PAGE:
The Slatest

Bloomberg Apologizes for “Stop-and-Frisk” Ahead of Possible 2020 Run

Michael Bloomberg speaks at the Christian Cultural Center on November 17, 2019 in the Brooklyn borough of New York City.
Michael Bloomberg speaks at the Christian Cultural Center on November 17, 2019 in the Brooklyn borough of New York City. Yana Paskova/Getty Images

Michael Bloomberg did something that was out of character Sunday: He apologized. Speaking at a black megachurch in Brooklyn, the former mayor of New York City apologized for the “stop-and-frisk” policing strategy that disproportionately targeted black and Latino people. “I was wrong,” Bloomberg said at the Christian Cultural Center. “And I am sorry.”

Bloomberg made the remarks as part of his first speech since he filed to enter the Alabama primary as a Democratic presidential candidate. It was a “remarkable concession by a 77-year-old billionaire not known for self-doubt that a pillar of his 12-year mayoralty was a mistake that he now regrets,” notes the New York Times. And it shows how Bloomberg recognizes his staunch support for the policy that allowed police officers to stop and search anyone they thought could be behind a crime would be a major vulnerability, particularly among black voters. “I didn’t understand back then the full impact that stops were having on the black and Latino communities,” Bloomberg said. “I was totally focused on saving lives — but as we know: good intentions aren’t good enough.”

Bloomberg also acknowledged that crime continued to drop even after the police started avoiding the practice. “Now, hindsight is 20/20. But as crime continued to come down as we reduced stops—and as it continued to come down during the next administration, to its credit—I now see that we should have acted sooner, and acted faster, to cut the stops,” he said. “I wish we had, and I’m sorry we didn’t.”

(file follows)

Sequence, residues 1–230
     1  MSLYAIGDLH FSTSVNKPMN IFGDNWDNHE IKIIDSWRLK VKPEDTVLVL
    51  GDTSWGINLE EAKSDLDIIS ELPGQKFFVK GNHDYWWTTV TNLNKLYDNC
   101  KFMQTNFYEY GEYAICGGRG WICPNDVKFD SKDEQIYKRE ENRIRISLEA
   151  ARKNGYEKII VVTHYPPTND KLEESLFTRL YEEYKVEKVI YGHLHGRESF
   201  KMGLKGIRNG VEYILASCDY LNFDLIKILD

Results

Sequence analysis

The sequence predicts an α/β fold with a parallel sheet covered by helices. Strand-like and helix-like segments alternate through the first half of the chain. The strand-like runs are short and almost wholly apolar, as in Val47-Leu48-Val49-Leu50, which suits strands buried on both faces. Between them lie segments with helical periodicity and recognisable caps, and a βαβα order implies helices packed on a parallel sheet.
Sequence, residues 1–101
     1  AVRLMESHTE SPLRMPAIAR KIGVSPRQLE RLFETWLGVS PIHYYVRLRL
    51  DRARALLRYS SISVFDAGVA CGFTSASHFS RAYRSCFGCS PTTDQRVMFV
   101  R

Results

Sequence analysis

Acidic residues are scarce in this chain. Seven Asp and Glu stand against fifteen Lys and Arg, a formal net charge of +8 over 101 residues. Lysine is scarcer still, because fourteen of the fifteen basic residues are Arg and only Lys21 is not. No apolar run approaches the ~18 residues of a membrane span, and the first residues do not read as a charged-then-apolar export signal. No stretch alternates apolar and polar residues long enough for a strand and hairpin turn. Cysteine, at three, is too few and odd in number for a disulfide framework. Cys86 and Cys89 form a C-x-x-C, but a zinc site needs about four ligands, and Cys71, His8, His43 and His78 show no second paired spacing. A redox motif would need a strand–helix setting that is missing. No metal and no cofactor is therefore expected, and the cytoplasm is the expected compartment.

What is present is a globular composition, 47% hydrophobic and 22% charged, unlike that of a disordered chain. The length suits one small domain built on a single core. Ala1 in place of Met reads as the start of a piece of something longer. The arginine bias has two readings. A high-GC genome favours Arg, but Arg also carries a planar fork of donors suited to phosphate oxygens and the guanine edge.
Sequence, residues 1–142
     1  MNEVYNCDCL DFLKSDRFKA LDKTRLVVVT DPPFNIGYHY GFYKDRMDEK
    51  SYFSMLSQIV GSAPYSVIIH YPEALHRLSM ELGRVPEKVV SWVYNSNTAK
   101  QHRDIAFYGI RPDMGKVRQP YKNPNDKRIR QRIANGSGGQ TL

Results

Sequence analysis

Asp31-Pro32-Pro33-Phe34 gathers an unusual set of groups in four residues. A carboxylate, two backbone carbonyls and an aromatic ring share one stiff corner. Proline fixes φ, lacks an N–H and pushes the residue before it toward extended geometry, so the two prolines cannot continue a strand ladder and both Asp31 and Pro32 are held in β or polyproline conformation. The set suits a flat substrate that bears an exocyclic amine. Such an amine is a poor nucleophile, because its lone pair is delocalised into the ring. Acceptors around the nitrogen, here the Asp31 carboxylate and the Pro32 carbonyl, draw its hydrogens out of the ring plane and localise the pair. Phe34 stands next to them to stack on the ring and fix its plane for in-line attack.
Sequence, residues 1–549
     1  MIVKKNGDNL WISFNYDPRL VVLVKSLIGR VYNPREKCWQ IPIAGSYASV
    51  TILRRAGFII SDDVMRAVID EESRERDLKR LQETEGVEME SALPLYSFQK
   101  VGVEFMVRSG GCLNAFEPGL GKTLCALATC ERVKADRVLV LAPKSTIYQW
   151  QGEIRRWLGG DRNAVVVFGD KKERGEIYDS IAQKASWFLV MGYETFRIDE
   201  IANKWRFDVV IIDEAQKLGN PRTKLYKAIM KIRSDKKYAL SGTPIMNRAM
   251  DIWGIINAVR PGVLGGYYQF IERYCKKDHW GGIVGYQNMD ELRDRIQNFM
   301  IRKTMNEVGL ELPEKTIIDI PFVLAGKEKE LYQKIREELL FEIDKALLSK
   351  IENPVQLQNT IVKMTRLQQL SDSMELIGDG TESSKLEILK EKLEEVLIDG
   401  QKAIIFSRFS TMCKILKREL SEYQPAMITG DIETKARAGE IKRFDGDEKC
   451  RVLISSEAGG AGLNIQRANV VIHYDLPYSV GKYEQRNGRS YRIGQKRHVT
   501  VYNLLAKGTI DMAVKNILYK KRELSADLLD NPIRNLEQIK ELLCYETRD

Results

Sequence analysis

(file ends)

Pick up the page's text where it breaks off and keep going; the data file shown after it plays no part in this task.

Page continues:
For some, it appeared to be the latest sign that Bloomberg is getting ready to formally announce his candidacy for the primary. A final decision on whether he will enter the race is “days, not weeks” away, a source told Axios recently. But the question remains whether the apology would be enough to calm years of anger considering Bloomberg staunchly defended the policy even after a federal judge in 2013 ruled it violated the constitutional rights of minorities. At the Christina Cultural Center, it didn’t seem the audience was too eager to praise Bloomberg. “Come on C.C.C., show some love and appreciation,” Rev. A. R. Bernard said. The New York Times reports Bloomberg received “tepid applause.”

Rev. Al Sharpton received a call from Bloomberg shortly after the speech and made it clear to him that one apology was not enough to turn the page. “You can’t expect people like us to forgive and forget after one speech,” Sharpton claims he told Bloomberg.